A discussion recently took place between myself and a few others regarding what constitutes effective marketing, and how technical people can sell their technical wares. The measure of good marketing, of course, is not hard to identify: it’s how effectively your marketing translates into sales. However, there’s a large gap in many people’s understandings of how you get your items out there and in front of people who are ready to buy.
Technical people seem particularly bad at marketing effectively. I think this is because we’re fact-oriented, focused on the features and neat ideas our products include. We’ll spend pages and pages talking about the cool things that our tool or application can do. And then we’ll wonder why our client didn’t buy it.
Why do we do this? Because we forget that marketing isn’t about features it’s about meeting needs.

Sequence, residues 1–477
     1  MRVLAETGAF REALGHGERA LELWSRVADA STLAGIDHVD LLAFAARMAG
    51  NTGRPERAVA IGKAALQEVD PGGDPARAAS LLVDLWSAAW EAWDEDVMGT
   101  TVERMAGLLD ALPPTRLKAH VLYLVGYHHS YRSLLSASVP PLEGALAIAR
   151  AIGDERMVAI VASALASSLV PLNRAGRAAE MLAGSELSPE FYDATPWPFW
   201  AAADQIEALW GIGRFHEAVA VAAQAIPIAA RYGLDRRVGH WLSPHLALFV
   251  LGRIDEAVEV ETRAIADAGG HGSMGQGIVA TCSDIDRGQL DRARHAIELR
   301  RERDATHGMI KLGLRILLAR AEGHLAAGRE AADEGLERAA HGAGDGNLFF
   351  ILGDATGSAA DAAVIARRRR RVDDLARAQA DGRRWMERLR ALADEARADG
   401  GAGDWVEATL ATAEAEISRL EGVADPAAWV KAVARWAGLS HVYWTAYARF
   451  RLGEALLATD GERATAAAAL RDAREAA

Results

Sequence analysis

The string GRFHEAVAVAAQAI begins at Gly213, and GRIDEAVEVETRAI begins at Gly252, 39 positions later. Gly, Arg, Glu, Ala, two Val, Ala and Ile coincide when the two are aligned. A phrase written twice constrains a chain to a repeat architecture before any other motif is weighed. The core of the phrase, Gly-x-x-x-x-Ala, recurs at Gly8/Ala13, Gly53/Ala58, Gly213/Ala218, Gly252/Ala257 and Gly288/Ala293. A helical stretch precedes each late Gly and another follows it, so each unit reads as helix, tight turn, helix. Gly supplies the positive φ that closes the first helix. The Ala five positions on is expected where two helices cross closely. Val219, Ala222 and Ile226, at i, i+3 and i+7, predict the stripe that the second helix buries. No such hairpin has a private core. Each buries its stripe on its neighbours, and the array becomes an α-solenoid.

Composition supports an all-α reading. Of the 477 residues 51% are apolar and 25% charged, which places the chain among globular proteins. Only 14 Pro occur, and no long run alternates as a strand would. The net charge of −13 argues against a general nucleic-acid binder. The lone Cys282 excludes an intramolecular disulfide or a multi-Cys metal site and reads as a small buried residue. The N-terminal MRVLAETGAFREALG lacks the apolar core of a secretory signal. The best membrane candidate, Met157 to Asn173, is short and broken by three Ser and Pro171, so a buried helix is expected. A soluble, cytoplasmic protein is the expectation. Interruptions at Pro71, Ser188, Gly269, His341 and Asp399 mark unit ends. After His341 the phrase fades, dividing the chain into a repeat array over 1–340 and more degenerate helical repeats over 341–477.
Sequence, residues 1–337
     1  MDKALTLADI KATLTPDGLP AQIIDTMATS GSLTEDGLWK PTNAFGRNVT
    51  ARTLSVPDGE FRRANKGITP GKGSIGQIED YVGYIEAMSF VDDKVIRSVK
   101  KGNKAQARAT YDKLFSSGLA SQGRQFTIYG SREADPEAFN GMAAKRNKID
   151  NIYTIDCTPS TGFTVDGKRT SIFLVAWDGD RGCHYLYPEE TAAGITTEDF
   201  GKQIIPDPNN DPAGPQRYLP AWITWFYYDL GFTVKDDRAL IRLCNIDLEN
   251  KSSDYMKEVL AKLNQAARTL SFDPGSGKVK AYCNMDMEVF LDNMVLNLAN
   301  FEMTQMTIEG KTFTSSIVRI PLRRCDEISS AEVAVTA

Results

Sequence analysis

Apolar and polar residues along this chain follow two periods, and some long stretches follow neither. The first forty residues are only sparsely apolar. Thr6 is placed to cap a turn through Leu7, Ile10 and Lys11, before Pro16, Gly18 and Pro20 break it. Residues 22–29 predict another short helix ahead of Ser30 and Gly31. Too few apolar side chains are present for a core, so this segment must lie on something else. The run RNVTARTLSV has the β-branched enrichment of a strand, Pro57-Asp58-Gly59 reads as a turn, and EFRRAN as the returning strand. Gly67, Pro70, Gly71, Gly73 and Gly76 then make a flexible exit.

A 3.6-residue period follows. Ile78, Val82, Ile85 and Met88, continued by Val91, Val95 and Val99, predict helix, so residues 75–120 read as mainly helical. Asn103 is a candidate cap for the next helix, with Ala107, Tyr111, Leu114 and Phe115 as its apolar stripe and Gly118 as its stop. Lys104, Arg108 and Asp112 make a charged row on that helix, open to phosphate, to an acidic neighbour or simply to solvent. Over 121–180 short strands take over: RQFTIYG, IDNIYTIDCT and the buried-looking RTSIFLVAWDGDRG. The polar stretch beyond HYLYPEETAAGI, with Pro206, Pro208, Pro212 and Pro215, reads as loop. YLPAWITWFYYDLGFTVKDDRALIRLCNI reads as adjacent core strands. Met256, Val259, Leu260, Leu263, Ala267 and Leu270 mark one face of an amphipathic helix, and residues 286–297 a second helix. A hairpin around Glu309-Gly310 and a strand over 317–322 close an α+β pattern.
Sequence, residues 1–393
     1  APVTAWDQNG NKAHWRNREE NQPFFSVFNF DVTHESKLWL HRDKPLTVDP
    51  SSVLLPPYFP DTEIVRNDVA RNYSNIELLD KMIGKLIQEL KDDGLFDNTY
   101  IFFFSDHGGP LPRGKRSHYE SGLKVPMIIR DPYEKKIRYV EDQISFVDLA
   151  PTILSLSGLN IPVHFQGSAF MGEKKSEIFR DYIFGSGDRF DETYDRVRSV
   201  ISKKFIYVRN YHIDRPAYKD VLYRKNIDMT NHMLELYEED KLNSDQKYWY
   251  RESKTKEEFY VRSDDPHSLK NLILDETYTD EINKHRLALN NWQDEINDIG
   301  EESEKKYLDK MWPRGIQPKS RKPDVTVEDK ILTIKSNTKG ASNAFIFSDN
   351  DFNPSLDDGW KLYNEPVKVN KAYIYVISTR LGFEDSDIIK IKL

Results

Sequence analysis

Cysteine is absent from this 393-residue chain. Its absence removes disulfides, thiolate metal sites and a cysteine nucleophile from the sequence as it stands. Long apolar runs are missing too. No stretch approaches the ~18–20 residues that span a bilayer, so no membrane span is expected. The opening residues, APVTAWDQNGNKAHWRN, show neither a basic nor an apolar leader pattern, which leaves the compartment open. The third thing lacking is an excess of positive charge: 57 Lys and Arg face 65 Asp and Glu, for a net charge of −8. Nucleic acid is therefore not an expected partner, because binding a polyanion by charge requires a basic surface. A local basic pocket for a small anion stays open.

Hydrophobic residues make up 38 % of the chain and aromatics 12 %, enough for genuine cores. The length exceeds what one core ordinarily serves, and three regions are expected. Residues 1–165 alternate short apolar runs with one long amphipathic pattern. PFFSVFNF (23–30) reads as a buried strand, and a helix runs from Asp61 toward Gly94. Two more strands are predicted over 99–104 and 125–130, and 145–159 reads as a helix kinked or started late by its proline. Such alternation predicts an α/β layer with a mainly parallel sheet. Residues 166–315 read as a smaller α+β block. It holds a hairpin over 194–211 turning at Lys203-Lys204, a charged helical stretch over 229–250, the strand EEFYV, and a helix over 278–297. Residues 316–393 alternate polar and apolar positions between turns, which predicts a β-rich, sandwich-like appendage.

Consider if you were going to market a pen. Would you talk about the features of the pen – it’s ability to write upside down, it’s ability to write in black, and the fact that it would last for three months? No, you’d talk about how good it feels in your hand, how great it makes your pocket look, and how writing with that pen is going to get you a promotion. Why? Because features don’t sell products – meeting needs do. In this case, your marketing would meet the need of comfort, security, and exclusivity.
These principles are extremely important, but often overlooked by technical individuals. The person isn’t likely to buy just because our product has great features. It has to meet a need that they have. It has to fulfill some deep seeded concern – whether it be for job security, appreciation of others, or something similar. This isn’t license to be dishonest – don’t promise that your application will do things it cannot do or fulfill needs that it will not – but your marketing should be geared towards the hierarchy of needs.
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